When emails leak, we can know whether they are authenticate or forged. It's the first question we should ask of today's leak of emails of Hunter Biden. It has a definitive answer.
Today's emails have "cryptographic signatures" inside the metadata. Such signatures have been common for the past decade as one way of controlling spam, to verify the sender is who they claim to be. These signatures verify not only the sender, but also that the contents have not been altered. In other words, it authenticates the document, who sent it, and when it was sent.
Crypto works. The only way to bypass these signatures is to hack into the servers. In other words, when we see a 6 year old message with a valid Gmail signature, we know either (a) it's valid or (b) they hacked into Gmail to steal the signing key. Since (b) is extremely unlikely, and if they could hack Google, they could a ton more important stuff with the information, we have to assume (a).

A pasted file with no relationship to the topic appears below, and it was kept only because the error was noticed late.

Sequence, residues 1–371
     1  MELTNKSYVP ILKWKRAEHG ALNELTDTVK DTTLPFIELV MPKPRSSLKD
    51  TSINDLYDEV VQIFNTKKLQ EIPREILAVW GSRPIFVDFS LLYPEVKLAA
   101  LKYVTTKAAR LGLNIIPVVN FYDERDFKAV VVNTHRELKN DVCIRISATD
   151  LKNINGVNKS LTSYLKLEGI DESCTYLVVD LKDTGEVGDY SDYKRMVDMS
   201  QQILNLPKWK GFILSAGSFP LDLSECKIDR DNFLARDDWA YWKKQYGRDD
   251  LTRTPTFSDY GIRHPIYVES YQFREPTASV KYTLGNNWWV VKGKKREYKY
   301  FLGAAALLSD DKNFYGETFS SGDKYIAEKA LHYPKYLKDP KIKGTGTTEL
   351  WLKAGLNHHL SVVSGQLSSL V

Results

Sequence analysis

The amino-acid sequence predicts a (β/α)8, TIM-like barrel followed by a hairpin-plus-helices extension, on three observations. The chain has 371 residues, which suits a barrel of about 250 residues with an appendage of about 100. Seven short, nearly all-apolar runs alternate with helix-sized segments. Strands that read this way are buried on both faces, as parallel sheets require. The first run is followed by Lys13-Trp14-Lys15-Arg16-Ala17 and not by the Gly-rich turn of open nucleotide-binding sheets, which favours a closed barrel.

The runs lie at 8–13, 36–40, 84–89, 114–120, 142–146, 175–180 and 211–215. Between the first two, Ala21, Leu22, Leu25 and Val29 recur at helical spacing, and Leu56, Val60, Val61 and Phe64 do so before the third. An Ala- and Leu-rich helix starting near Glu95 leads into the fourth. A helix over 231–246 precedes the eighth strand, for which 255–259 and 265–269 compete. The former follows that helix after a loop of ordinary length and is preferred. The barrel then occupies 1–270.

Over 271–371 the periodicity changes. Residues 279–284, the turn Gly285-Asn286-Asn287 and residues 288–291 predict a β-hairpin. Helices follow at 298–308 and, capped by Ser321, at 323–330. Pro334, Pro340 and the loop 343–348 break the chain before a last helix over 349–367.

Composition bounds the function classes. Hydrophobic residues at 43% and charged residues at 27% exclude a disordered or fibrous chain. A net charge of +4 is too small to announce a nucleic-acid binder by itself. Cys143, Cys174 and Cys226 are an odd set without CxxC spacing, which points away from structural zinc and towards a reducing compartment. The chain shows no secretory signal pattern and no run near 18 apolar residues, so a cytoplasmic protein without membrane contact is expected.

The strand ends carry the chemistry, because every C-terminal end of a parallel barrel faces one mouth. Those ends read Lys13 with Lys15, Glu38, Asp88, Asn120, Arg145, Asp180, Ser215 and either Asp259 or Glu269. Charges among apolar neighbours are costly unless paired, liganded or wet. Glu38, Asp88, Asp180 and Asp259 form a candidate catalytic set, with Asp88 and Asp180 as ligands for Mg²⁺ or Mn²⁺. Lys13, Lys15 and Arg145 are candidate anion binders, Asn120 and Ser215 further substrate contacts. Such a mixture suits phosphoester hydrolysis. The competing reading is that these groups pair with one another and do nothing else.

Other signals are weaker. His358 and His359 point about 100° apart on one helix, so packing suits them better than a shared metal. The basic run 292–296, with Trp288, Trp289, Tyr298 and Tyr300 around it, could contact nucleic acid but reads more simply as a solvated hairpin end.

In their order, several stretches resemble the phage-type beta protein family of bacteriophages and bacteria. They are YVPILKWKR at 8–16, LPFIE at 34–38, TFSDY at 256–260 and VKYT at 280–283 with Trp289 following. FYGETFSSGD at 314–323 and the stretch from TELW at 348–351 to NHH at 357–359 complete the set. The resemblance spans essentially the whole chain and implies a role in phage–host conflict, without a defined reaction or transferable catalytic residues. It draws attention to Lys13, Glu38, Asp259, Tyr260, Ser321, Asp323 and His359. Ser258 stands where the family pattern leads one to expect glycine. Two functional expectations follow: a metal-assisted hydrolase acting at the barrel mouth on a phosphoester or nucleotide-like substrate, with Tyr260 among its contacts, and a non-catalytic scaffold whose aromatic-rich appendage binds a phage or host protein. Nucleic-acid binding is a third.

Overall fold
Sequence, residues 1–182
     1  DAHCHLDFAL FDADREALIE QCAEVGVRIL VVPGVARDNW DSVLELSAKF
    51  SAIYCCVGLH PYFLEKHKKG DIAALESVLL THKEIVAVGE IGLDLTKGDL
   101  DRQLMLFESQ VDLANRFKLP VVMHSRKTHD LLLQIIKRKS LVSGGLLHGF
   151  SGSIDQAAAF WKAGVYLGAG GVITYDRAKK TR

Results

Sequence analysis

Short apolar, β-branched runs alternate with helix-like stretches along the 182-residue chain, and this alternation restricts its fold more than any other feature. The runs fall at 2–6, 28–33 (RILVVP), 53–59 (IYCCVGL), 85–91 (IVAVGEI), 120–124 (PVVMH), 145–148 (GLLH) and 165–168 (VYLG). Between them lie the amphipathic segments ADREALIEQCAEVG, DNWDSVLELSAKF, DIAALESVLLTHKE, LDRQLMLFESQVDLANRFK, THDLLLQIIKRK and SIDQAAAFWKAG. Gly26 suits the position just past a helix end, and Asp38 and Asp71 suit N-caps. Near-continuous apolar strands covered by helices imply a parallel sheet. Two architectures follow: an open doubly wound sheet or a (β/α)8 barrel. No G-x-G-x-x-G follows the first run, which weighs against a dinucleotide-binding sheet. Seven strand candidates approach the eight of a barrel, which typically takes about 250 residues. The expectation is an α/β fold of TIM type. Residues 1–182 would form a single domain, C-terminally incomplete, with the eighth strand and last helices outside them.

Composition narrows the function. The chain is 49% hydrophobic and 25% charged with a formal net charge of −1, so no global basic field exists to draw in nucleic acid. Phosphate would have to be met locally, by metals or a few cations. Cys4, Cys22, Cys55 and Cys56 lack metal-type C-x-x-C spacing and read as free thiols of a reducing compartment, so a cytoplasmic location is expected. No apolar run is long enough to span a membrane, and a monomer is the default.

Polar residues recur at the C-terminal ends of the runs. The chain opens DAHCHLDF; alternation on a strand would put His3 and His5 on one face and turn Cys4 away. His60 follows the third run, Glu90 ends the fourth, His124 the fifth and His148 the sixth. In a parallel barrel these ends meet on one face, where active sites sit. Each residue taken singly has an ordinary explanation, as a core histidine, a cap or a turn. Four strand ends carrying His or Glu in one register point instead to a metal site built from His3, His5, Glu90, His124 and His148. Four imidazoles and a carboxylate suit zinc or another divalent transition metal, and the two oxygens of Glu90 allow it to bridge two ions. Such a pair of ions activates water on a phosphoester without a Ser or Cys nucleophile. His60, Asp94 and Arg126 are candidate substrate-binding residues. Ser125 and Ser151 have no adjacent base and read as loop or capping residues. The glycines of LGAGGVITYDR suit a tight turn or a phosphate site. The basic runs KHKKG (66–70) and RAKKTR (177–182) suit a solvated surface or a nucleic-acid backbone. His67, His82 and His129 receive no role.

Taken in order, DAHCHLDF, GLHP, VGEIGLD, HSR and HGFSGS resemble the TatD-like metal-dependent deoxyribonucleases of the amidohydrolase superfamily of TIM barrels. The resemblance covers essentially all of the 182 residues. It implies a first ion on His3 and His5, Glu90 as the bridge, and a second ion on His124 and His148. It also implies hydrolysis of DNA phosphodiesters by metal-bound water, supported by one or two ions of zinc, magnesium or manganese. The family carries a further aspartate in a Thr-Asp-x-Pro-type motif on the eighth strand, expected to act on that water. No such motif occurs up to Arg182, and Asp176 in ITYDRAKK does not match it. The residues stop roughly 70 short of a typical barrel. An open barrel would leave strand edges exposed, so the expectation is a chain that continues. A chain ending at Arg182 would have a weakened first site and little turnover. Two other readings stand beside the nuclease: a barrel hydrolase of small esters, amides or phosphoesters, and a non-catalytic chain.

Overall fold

Your email client normally hides this metadata from you, because it's boring and humans rarely want to see it. But it's still there in the original email document. An email message is simply a text document consisting of metadata followed by the message contents.
To show how this works, I send an email using Gmail to my private email server (from gmail.com to robertgraham.com).
The NYPost story shows the email printed as a PDF document. Thus, I do the same thing when the email arrives on my MacBook, using the Apple "Mail" app. It looks like the following:
The "raw" form originally sent from my Gmail account is simply a text document that looked like the following:
The lack of unconfirmed allegations that could be confirmed seems odd for a story of this magnitude.